Start fresh

You don’t have to toast your rice in fat and sofrito unless you want a decadent risotto. (In most cases, you won’t even be able to taste the sofrito at the end.) For fresher, brighter risotto, you can start by coating the bottom of your pot with a mild olive oil and toasting the grains until they’re translucent (or too hot to hold in the palm of your hand).

Just add wine

Some chefs use wine to deglaze the pot before starting to add the liquid; it can either go in right after the sofrito is cooked, if you’re using it, or once the grains are toasted. This addition imparts a pleasantly acidic note that brightens richer versions of the dish. Use a dry, nonaromatic white wine. (Red wine can be used, too, but only in hearty risotto like borlotti and sausage, which calls for a Barbera: Remember, it will impart not just flavor but also color to the grains.) Vinegar can also be used for acidity — just remember it’s more acidic than wine and therefore better to add at the end.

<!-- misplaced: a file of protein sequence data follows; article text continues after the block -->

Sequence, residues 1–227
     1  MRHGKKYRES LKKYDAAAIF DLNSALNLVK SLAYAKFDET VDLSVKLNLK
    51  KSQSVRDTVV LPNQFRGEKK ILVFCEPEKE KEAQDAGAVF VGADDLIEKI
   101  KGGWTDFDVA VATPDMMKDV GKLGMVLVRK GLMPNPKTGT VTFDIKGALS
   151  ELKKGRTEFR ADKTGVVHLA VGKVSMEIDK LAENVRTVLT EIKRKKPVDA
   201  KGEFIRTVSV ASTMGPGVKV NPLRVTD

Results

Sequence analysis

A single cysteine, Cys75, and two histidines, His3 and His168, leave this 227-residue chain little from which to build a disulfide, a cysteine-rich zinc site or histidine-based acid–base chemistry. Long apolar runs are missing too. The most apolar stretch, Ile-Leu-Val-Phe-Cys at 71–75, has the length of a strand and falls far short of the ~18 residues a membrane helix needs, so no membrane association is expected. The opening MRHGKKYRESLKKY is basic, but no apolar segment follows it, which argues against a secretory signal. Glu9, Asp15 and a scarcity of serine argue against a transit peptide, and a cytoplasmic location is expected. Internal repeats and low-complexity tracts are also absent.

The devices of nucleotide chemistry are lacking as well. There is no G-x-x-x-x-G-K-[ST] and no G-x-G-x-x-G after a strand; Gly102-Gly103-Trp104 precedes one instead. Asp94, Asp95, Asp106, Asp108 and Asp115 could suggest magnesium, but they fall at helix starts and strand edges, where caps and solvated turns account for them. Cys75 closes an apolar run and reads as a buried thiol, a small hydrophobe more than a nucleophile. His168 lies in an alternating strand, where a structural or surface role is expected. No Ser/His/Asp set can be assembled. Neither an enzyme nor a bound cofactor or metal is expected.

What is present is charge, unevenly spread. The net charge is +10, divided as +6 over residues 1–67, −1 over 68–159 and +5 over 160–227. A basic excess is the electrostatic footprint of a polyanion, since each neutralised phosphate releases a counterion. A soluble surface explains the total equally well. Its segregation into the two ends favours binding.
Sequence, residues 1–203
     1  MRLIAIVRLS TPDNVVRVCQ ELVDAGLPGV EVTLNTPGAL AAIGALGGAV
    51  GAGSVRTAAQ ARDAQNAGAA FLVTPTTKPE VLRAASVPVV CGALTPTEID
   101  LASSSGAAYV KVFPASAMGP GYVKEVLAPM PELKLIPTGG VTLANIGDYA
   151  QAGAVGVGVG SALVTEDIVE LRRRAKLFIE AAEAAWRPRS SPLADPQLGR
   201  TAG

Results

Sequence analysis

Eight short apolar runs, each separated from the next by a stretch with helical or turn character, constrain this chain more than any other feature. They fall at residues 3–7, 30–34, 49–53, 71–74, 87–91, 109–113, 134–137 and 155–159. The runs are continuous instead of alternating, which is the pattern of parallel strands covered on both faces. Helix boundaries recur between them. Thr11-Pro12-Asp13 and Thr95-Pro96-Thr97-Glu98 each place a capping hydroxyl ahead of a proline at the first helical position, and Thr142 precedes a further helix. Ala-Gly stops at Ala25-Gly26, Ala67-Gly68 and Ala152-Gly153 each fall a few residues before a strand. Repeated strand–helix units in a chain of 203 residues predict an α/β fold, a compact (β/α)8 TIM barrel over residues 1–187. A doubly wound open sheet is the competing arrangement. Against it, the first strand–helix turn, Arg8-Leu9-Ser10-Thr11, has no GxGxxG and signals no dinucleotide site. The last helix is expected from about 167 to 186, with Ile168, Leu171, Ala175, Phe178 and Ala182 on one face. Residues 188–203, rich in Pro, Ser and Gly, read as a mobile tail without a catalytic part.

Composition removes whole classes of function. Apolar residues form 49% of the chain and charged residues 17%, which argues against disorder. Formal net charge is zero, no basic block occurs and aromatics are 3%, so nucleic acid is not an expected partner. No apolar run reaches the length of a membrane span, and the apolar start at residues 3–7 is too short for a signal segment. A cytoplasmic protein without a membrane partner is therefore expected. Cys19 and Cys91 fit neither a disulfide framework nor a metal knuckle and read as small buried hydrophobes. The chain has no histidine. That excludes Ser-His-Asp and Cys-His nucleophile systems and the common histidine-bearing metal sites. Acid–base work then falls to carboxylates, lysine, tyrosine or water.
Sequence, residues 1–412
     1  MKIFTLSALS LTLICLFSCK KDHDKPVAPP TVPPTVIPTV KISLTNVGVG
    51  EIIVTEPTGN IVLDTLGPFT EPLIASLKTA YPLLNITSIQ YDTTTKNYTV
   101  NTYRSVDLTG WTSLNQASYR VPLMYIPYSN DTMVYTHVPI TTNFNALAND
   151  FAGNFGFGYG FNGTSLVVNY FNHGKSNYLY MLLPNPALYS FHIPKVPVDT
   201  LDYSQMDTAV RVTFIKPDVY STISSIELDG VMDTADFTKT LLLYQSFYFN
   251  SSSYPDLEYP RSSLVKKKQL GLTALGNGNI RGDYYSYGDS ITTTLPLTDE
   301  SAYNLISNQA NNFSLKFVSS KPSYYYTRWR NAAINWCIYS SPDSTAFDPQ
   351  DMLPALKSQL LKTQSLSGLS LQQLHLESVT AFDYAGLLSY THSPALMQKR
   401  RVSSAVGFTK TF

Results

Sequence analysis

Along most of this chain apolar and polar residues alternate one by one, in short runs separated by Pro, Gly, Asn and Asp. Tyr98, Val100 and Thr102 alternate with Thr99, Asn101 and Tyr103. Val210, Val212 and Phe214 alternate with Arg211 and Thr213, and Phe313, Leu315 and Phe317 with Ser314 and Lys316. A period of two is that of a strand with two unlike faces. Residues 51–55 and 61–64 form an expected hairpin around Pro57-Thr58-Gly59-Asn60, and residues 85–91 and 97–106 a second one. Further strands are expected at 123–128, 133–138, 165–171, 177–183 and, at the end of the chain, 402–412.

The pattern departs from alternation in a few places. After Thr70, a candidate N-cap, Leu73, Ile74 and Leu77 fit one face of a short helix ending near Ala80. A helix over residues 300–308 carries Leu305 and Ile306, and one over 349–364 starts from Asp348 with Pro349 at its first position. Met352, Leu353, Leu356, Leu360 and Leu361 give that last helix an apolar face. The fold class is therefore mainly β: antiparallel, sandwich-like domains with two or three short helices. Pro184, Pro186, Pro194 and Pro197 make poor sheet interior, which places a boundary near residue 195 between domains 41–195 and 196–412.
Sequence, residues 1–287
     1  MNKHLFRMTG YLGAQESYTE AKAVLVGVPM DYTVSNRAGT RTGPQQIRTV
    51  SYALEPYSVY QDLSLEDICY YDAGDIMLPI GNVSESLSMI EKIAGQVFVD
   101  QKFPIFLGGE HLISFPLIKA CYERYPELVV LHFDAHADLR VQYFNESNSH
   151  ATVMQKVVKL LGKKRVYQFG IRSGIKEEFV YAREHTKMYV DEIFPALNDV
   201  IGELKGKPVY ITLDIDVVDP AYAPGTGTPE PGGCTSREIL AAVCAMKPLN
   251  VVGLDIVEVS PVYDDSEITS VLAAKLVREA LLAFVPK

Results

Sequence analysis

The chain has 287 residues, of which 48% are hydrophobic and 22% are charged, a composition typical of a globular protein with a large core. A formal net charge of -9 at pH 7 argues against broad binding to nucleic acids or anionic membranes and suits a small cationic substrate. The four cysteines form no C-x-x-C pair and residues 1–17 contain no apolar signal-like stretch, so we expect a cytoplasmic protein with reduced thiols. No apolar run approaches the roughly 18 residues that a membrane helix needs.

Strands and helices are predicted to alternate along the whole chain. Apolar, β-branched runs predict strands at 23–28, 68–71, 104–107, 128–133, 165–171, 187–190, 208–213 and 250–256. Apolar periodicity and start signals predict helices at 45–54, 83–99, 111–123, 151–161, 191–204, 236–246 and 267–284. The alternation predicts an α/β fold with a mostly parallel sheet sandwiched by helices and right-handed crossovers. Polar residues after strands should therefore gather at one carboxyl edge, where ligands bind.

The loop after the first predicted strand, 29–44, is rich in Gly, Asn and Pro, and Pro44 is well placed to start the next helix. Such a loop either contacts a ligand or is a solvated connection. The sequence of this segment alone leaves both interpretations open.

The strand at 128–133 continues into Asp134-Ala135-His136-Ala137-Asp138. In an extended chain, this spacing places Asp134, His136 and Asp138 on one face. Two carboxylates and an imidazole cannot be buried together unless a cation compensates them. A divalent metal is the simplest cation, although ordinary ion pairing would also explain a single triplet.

No broth, no problem

For super-light risotto, you don’t need a rich stock or chicken broth. (They’ll end up overpowering your main flavor.) Make a light vegetable broth or just use water. Keep adding the liquid a ladleful at a time but without overdoing it — you can always add, but you can’t take back.

Know the 13-minute rule

Good-quality carnaroli will cook in 13 minutes from the point you start adding the liquid. As you keep adding liquid and stirring, taste the rice. When it’s cooked but still quite al dente, turn the heat off. Some brands might take more or less time than what it says on the package; always test the texture and adjust accordingly.

Master mantecatura

Similar to other emulsions such as mayonnaise, this is the act of beating cold fat into the warm starch to produce a creamy result. If you are using cheese, use a less-aged Parmesan, as it will melt more easily into the rice, or choose a creamy cheese, such as robiola or a caprino, and beat it vigorously; incorporating air will also help get it to the ideal texture.

Give it a rest